My hon. Friend is absolutely right. We want to protect fundamental rights, but we do not want to see them distorted by judicial legislation or abused by serious and serial criminals. Above all, we do not want to see human rights become dirty words in the minds of the public. That is what the Human Rights Act led to; our Bill of Rights will restore some balance.

Will the Minister settle the nerves of some Members of this House by confirming that human rights existed in this country before the Human Rights Act and will continue to exist after the repeal of that Act?

My hon. Friend is absolutely right. The convention already reflects a huge amount of the common law tradition but, as he says, Britain was a member of the convention and had a long tradition of respect for human rights before the Human Rights Act, and we shall have after it.

22. The rights contained in the European convention on human rights have been incorporated into our domestic law by the Human Rights Act 1998. Can the Minister guarantee that the British Bill of Rights will contain all the same rights as our citizens currently enjoy? (901233)

I understand the hon. Gentleman’s concern. I will not be drawn on the substance and detail of our proposals—[Hon. Members: “Why?”] We will have a consultation and there will be ample time. We want to retain fundamental rights reflected in the convention, but we need to ensure their sensible application and proper respect for the Supreme Court of this country as well as for the democratic role of hon. Members in this place and their legislative function. Our Bill of Rights and proposals will be considering those areas.

At Justice questions on 23 June, the Secretary of State said that human rights are a reserved matter under the devolution settlement. At a debate in Westminster Hall on 30 June, I urged the UK Government to reconsider that position, having regard to the precise terms of the Scotland Act 1998. Will the Minister confirm that his advisers have had the opportunity to study schedule 5 to the Act over the recess? Will he now accept that human rights are not listed there as a reserved matter and that if this Government therefore want to repeal the Human Rights Act and replace it with a British Bill of Rights they will be required first to consult the Scottish Parliament according to the Sewel convention?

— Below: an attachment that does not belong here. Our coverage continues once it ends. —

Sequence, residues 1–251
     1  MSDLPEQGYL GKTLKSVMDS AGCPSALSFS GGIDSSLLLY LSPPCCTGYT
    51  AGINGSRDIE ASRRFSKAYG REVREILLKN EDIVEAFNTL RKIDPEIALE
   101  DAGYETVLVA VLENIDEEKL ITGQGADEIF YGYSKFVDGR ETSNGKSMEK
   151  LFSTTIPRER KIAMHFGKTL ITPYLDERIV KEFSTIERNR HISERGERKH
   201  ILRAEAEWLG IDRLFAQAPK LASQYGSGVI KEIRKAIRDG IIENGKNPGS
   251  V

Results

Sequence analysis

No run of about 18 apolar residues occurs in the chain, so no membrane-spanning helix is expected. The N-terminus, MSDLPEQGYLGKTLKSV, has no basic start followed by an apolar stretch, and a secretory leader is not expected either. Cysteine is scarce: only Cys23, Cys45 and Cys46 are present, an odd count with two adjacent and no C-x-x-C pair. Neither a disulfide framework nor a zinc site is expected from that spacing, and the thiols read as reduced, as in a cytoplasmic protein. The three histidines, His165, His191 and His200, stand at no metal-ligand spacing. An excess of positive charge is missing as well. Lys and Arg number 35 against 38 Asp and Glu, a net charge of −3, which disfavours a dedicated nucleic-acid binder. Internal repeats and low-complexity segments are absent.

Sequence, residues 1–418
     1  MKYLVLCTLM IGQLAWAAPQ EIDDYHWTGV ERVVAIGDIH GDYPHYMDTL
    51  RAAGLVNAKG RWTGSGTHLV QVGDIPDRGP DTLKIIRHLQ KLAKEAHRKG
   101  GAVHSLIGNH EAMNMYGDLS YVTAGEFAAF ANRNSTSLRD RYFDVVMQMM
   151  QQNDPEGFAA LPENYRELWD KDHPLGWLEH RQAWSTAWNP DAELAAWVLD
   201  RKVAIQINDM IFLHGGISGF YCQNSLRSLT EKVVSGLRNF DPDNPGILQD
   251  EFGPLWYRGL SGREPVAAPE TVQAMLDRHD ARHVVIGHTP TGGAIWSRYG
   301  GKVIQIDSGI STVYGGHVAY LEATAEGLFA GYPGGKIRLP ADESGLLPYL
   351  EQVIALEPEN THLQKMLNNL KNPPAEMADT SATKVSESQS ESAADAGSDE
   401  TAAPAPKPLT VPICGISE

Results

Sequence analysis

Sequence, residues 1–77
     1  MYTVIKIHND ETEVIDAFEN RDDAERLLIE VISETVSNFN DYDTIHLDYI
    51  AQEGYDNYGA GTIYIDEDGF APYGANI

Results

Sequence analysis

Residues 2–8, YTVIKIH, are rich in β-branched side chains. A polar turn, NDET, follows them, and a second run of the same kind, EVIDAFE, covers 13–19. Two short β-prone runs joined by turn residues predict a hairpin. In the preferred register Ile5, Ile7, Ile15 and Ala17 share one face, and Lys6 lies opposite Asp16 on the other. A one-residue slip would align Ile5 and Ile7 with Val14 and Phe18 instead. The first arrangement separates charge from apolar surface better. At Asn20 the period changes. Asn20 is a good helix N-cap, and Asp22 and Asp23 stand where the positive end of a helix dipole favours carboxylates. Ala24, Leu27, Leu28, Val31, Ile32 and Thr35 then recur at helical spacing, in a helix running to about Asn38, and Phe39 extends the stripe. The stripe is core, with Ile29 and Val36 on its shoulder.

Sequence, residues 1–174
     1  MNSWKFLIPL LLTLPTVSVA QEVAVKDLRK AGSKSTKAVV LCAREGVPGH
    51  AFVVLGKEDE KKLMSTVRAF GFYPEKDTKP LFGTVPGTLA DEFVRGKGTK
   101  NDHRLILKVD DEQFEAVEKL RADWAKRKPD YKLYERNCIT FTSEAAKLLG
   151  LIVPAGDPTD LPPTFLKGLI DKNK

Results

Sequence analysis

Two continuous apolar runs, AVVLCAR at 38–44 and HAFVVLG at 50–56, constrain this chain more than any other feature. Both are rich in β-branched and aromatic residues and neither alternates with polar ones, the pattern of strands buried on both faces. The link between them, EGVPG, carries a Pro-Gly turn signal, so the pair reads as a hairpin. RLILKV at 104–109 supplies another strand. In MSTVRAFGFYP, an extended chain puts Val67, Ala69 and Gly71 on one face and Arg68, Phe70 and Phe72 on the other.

I thank the hon. Lady for her question. There will be full consultation and we are aware of the concerns that she and her party have raised. Revising the Human Rights Act can be done only by the UK Government, but at the same time the implementation of human rights issues are already substantially devolved to Scotland. Let me give one example. The Scottish Government have been criticised for failing to hold mandatory fatal accident inquiries when someone dies in a mental health institution. That is just one illustration, but the SNP needs to stop promoting the fiction that human rights in Scotland totally depend on or are threatened by Westminster and to focus more on living up to its own responsibilities.